Although I wouldn't trust most dogs around them, I do trust him. And I have had multiple family dogs kill a combined 45-65 chickens in the past, so it takes a lot for me to say that. I'm a firm believer in judging each dog regardless of breed individually, they will prove how trustworthy or not they are. (As much as I would like to just say its cause he's a GSP 😄) I have also had him since he was young, but I don't think it matters that much. I have almost always trained with an e-collar, mostly on vibrate, starting with this guy when he was 4 months old. I mainly corrected him for trying to play or for being too intense with the chickens. Like someone on here already said, if he was too alert I would correct him. And he learned that he can't touch my things unless I say so.

One last interesting thing, every time I bring home new birds I have to claim them as mine. He'll get overly excited, and try to get super close to them or even push on the crate they're in. But once I've made it clear these now belong to me, normally by some verbal disagreement with his behavior, he calmly sniffs them from a few feet away, then leaves them alone.

Love the GSP's so I wanted to give them some good P.R.
post #26 of 29
My German shorthair pointer is a year old he is a very big lover not a hunter hasn't hurt. A thing. Was wondering we have six new baby chicks and he stands there and stares at them and wants to keep checking in on them do you think that he is thinking he is the mother or is just looking after them or is he got something else in mind
post #27 of 29
My German shorthaired pointer has never hunted or heard any animal whatsoever he's a year-old we got a six baby chicks and he seems to be fascinated with them he thinks he asked to check in on them every couple hours is this him trying to be motherly or do you think he has something else in mind mind you HisChannel does not wag when he does it and he whimpers a little bit when he can't go When he can't go inside the box with them do you think he is seeing them as pray mind you he's never seen anything is pray ever that's not how we raised him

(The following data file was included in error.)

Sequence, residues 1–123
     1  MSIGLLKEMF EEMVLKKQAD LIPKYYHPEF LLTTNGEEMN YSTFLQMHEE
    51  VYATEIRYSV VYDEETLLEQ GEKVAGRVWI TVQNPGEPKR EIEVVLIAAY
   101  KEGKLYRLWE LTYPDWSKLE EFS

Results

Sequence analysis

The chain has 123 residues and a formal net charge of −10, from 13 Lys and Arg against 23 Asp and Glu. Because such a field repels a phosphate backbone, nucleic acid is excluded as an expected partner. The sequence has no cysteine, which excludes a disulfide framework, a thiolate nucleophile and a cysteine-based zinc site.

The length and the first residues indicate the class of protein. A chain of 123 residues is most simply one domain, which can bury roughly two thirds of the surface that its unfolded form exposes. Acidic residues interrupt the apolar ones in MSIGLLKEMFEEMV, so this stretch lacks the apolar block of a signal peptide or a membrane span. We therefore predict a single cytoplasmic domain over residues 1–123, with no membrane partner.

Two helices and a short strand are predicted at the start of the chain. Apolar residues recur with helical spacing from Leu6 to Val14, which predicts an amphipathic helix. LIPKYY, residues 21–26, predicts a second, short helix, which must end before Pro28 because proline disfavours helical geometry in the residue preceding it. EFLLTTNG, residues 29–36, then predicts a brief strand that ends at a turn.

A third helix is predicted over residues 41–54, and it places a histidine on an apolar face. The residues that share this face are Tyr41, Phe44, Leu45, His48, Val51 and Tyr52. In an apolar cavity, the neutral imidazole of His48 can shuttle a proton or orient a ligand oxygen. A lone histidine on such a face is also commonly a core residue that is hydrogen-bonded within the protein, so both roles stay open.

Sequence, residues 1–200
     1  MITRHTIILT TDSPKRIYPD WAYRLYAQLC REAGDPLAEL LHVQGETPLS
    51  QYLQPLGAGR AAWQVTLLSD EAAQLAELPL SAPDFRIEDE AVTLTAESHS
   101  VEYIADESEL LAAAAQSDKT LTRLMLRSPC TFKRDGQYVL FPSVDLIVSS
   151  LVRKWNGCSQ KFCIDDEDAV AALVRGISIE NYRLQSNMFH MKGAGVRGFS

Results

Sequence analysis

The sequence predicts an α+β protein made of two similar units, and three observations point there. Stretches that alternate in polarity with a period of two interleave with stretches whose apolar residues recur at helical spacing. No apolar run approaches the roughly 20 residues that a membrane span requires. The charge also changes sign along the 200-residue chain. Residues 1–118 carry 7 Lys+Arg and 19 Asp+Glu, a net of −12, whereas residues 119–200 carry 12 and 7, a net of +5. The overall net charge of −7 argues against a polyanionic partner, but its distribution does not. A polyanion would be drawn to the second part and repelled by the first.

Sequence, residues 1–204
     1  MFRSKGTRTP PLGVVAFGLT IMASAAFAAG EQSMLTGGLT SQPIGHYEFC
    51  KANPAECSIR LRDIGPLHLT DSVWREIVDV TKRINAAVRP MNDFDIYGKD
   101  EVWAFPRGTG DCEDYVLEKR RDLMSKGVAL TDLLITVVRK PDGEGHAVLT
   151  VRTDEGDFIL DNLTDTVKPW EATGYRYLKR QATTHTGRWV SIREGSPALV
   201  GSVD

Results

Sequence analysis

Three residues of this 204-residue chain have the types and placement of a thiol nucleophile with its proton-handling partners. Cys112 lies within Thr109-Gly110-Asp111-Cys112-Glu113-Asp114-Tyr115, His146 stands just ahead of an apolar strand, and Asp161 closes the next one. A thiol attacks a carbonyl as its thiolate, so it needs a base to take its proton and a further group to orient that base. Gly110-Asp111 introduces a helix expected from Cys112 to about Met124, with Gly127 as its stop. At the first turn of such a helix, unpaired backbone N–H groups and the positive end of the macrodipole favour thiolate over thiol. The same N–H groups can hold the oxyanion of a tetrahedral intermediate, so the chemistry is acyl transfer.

post #28 of 29
He is hard wired to treat novel as potential prey. The behavior you describe is consistent with pointing which in the dog/wolf world is a non-verbal way of saying I got something of interest right in front of me. Being a pointer he is showing the results of selection for a tendency to hold point longer so hunter can get positioned to use firearm or other weapon to dispatch prey. You need to get dog to find other targets of interest. You also have another year of high risk even if training process is progressing well.

Make every effort to understand your chicken's biology and the environment that supports it.

 

 

Reminder to self: August 2021 Check Post #15852 in Show Off Your American Gamefowl

Reply

Make every effort to understand your chicken's biology and the environment that supports it.

 

 

Reminder to self: August 2021 Check Post #15852 in Show Off Your American Gamefowl

Reply
post #29 of 29
Quote:
Originally Posted by mrfrench View Post

mind you he's never seen anything is pray ever that's not how we raised him

Has he never chased or stalked a squirrel? Bounded after a bird that took flight? Followed the scent of a chipmunk or mouse?

Those behaviors are all part of the predatory sequence and unless a dog is dead, every dog engages in that kind of behavior to a greater or lesser degree.

Some breeds and some individual dogs will exhibit more prey drive than others. I would say that given that your dog is staring, quivering, and whimpering at the chicks you should be worried. Do I think he's a bloodthirsty killer? No. But he's probably got a decent amount of drive given his breed and enough interest to do some serious damage to the birds if he were to have access to them.